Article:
The competition regulator has sought to allay fears around the controversial Section 75 regulations by issuing draft guidance suggesting that CCGs will not be forced to put services out to tender, even when there is more than one potential provider.
The guidance from Monitor follows fears expressed by commissioners that they would be hamstrung by the competition regulations – which state that CCGs would have to put services out to tender unless they could prove the service could only be provided by one provider – despite a rewrite by the Government.
But Monitor’s clarification suggests that CCGs can carry out a review of provision of a particular service and identify the most capable providers as part of that review, negating the need to put the services out to tender.
CCGs will also be expected to weigh up competition and patient choice with service integration when procuring services, it adds.
However, this contradicts guidance issued last week by NHS England, which made no mention of opt-outs of tendering for the purposes of promoting integration.
Monitor´s draft guidance said: ‘It is for commissioners to determine ways of improving the quality and efficiency of NHS health care services, including the extent to which improvements can be achieved through services being provided in a more integrated way, by allowing patients a choice of provider and/or by enabling providers to compete for contracts to provide services.’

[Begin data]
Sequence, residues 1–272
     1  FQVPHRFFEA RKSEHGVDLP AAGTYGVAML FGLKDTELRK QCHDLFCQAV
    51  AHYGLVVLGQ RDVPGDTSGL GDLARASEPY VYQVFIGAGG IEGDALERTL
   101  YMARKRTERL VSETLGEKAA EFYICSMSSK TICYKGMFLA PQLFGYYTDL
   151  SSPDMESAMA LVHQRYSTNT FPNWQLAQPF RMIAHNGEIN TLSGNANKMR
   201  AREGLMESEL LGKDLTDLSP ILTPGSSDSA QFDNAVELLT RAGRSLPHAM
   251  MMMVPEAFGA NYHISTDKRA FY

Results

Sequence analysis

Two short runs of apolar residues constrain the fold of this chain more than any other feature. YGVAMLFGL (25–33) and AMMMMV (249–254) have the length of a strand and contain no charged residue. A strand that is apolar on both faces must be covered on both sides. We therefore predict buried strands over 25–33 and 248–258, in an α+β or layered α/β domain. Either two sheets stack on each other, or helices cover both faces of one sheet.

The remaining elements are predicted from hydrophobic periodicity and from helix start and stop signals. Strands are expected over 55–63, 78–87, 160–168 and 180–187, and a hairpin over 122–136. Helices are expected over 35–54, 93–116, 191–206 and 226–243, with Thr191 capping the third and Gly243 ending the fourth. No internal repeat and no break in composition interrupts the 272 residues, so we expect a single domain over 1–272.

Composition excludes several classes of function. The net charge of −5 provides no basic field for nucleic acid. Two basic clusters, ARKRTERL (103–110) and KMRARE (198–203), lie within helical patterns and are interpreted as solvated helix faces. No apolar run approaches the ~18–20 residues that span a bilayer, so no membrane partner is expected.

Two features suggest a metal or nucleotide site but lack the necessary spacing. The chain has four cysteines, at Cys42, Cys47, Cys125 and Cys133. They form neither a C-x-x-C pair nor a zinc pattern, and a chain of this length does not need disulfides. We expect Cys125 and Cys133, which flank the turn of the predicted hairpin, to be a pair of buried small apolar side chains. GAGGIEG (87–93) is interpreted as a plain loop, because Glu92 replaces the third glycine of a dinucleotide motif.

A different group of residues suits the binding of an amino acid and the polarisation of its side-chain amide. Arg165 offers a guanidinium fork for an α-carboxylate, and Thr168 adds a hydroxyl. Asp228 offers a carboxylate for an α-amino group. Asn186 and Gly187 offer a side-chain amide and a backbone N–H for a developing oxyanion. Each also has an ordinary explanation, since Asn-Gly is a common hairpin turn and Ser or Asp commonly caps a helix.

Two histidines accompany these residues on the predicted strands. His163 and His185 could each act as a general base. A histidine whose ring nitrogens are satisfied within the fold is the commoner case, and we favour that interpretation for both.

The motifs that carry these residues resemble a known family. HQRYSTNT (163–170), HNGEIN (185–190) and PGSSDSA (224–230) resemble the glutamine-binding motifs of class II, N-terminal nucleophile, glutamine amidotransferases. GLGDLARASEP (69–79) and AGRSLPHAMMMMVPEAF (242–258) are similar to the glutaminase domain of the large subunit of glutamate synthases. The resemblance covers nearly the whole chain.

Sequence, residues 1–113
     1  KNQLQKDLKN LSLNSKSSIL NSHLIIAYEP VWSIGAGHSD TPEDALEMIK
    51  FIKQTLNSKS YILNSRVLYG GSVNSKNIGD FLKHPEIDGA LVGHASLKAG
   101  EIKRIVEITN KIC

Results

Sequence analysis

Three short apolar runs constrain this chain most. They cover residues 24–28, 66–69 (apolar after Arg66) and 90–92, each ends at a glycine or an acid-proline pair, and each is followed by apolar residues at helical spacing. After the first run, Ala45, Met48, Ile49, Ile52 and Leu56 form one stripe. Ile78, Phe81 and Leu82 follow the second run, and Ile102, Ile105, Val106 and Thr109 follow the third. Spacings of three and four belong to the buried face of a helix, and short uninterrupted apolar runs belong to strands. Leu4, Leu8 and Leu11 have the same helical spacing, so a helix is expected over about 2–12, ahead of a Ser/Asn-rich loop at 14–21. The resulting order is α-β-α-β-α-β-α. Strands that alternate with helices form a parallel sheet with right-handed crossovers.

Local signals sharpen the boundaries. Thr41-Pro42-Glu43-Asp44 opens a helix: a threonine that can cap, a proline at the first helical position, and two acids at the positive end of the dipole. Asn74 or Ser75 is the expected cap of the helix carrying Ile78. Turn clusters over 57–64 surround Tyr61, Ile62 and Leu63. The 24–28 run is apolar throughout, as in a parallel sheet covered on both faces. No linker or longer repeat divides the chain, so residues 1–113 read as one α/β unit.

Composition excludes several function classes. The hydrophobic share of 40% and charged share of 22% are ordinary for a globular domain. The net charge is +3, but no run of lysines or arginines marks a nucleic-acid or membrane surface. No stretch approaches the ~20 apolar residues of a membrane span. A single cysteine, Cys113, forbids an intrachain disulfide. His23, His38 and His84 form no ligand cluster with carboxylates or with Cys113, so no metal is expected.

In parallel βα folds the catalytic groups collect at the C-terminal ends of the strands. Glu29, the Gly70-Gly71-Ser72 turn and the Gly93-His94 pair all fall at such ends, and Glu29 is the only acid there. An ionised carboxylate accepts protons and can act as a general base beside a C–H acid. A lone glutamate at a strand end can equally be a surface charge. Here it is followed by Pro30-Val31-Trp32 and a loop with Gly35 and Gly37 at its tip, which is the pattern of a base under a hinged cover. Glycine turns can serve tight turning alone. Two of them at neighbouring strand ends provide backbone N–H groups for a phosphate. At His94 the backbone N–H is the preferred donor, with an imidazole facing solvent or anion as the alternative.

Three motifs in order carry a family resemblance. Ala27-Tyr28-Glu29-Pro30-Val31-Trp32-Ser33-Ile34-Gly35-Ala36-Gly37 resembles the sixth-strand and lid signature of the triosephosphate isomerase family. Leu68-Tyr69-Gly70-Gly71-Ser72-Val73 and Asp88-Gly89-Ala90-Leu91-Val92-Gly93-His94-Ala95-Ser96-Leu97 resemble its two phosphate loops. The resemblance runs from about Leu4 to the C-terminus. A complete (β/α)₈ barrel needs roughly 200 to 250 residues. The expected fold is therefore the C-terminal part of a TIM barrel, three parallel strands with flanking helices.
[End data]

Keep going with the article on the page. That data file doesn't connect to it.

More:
’When deciding whether or not to publish a contract notice, commissioners will need to ensure that this decision is consistent with their general objective, when procuring services, to secure the needs of people who use the services and to improve quality and efficiency including through the services being provided in an integrated way.’
The guidance identified the benefits of competitive tendering for services but it also spelled out three exemptions: where there is only one provider capable of providing the service; where a detailed review of the service provision in the region identifies the most capable provider or providers of those services; and where the benefits of competitive tendering would be outweighed by the costs of publishing a contract notice and/or running a competitive tender process.
Dr David Bennett, Monitor´s chief executive, said: ‘The guidance makes it clear that the regulations do not force commissioners to go out to tender for every service but equally commissioners should not simply roll over existing contracts without first asking how good the service is, and whether it could be improved to give patients a better deal.
‘If so, the next steps might be evaluating alternative providers if there are any and if not negotiating a better arrangement with the existing provider. These are matters for commissioners to consider in exercising their duties.’
David Worskett, chief executive of the NHS Partners Network, which represents private health providers, said: ‘We do believe the NHS would benefit from a more proactive encouragement of choice and plurality of provider. So we think it is regrettable that the guidance does not go further in this respect but we recognise the political reality.
‘The guidance also seems to confirm that there will be many circumstances where formal procurement will not be required. While this is consistent with what the Government had indicated, as a result there may well still be insufficient challenge to incumbent providers offering sub-optimal services. That cannot be in the best interests of patients.’
Responses to the consultation are invited until 11 July.